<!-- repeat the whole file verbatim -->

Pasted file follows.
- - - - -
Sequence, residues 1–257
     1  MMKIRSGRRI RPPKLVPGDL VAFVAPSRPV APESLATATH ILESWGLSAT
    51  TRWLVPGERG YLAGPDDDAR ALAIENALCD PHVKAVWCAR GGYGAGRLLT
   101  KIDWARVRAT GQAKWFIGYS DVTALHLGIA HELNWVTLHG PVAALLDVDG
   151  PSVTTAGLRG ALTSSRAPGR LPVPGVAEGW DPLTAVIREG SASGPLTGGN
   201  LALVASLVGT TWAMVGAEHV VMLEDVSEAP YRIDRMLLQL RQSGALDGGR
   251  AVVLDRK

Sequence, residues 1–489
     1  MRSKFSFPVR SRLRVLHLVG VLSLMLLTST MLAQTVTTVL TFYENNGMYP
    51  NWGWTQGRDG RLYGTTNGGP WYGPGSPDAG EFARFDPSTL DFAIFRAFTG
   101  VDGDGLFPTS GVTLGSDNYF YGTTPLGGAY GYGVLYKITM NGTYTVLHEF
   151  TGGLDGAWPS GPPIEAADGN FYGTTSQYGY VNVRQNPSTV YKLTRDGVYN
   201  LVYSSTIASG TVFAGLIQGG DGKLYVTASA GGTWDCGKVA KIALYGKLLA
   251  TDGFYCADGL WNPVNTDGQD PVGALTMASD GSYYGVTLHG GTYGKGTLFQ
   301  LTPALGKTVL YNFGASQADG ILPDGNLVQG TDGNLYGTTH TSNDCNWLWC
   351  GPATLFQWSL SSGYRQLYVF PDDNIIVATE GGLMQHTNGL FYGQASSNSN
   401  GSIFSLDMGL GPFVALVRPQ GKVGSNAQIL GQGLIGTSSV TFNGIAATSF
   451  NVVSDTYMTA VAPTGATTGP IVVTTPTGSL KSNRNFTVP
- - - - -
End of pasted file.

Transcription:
Sequence, residues 1–257
     1  MMKIRSGRRI RPPKLVPGDL VAFVAPSRPV APESLATATH ILESWGLSAT
    51  TRWLVPGERG YLAGPDDDAR ALAIENALCD PHVKAVWCAR GGYGAGRLLT
   101  KIDWARVRAT GQAKWFIGYS DVTALHLGIA HELNWVTLHG PVAALLDVDG
   151  PSVTTAGLRG ALTSSRAPGR LPVPGVAEGW DPLTAVIREG SASGPLTGGN
   201  LALVASLVGT TWAMVGAEHV VMLEDVSEAP YRIDRMLLQL RQSGALDGGR
   251  AVVLDRK

Sequence, residues 1–489
     1  MRSKFSFPVR SRLRVLHLVG VLSLMLLTST MLAQTVTTVL TFYENNGMYP
    51  NWGWTQGRDG RLYGTTNGGP WYGPGSPDAG EFARFDPSTL DFAIFRAFTG
   101  VDGDGLFPTS GVTLGSDNYF YGTTPLGGAY GYGVLYKITM NGTYTVLHEF
   151  TGGLDGAWPS GPPIEAADGN FYGTTSQYGY VNVRQNPSTV YKLTRDGVYN
   201  LVYSSTIASG TVFAGLIQGG DGKLYVTASA GGTWDCGKVA KIALYGKLLA
   251  TDGFYCADGL WNPVNTDGQD PVGALTMASD GSYYGVTLHG GTYGKGTLFQ
   301  LTPALGKTVL YNFGASQADG ILPDGNLVQG TDGNLYGTTH TSNDCNWLWC
   351  GPATLFQWSL SSGYRQLYVF PDDNIIVATE GGLMQHTNGL FYGQASSNSN
   401  GSIFSLDMGL GPFVALVRPQ GKVGSNAQIL GQGLIGTSSV TFNGIAATSF
   451  NVVSDTYMTA VAPTGATTGP IVVTTPTGSL KSNRNFTVP